By Ben YoKell, Sr. Manager, Supply Chain Strategy Practice
Thursday, December 1, 2011
In the face of mounting pressure on margins, it can be a challenge to satisfy supply chain management’s most basic demands of reducing total landed delivery costs and maintaining or improving customer service levels. Combine this with today’s growing complexity and fickle market swings, and an important reality emerges: To remain competitive, you must ensure the right tradeoffs are considered, and that they are considered as completely and accurately as possible. One such tactic to evaluate supply chain tradeoffs and mitigate the impact of cost volatility is inventory deployment optimization – that is, deciding where and how much inventory to position in your network.
Though it sounds straightforward, to be effective, the nuances of inventory positioning must be addressed. We have found that even the “leading approaches” leave significant money on the table and may even result in a faulty supply chain configuration – one with inflated costs, degraded service, and locked-in inefficiencies from procurement through delivery. So just what are these generally accepted leading approaches and why are they falling short?
In general, an optimal deployment strategy must be able to determine which network locations should stock each item to achieve the lowest possible total cost and maintain the desired fill rate. Seems simple enough, but when you factor the uncertainty in demand, lead time, and supply as you optimally try to balance holding costs, replenishment quantities, transportation options, and storage capacity, the problem is challenging at best.
Most analytical planning approaches – and all existing off-the-shelf software solutions – subdivide the elements of optimal inventory deployment into two problems, each solved separately: network flow path optimization and inventory policy optimization. Therein lays both the explanation of commonly accepted best-in-class approach as well as its primary shortfall.
The network flow path component is familiar to most: which locations and lanes minimize total sourcing, production, warehousing, and transportation costs, considering the seemingly infinite number of ways to assign customers to servicing locations, items to stocking locations, and sources to receiving locations? The inventory policy optimization component is less familiar: how much inventory should be held at each stocking location to satisfy fill rates, minimize exposure to lead time uncertainty, and minimize inventory cost?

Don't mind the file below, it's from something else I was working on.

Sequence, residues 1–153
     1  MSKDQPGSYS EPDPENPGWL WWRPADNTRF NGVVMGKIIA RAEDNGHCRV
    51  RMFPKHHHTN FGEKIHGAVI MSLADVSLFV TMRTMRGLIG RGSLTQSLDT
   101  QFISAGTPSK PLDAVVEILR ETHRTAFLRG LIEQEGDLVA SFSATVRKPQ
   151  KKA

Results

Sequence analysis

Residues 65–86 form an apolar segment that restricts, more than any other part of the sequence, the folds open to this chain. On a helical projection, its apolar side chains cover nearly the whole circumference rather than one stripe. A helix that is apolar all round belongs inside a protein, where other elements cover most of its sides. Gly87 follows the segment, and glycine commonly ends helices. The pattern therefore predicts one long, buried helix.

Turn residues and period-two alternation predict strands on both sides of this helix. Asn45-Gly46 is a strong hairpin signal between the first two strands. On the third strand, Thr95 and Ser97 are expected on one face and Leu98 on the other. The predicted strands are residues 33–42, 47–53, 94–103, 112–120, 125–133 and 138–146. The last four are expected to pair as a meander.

As stand-alone planning techniques, each of these are high-ROI initiatives; yet the optimal inventory deployment problem presents a special challenge that goes beyond separate treatment of the two sub-problems. So what’s the issue? Quite simply, inventory planning contains a paradox. To determine the optimal amount of inventory considering all supply chain costs, you must assign flow paths; but you can’t assign optimal flow paths without determining how much inventory you need. The optimal amount of inventory needed at a given stocking location depends on which downstream demands and upstream sources are assigned to that stocking location, and the optimal location and lane assignments depend on how much inventory will be required. Inventory is paradoxically both an input to AND a result of the deployment decision.
Not surprisingly, many simply make a deployment decision without considering inventory optimization. This approach is ample under certain conditions, but is far from “industry best.” In fact, if you look carefully into the methodology of most deployment initiatives, inventory optimization is applied after a network flow path optimization. While this approach can also be effective in certain situations, I would not consider it a “best practice.” Why? The resulting strategy may not be optimal or even operationally-feasible when capacity is limited, often today’s reality.
In the past year, we’ve integrated the separate approaches and distinct tool sets into a single deployment problem with success at several $5B+ organizations. The results have been compelling, but not without a fair amount of effort. With that said, we firmly believe that a breakthrough will come on the software front fairly soon that will redefine “best-in-class” inventory deployment. When it happens, you’ll be sure to hear about it on this blog, where we’re focused on pursuing the bleeding edge of SI&OP optimization. In the meantime, you can click here to read about other cost mitigating tactics.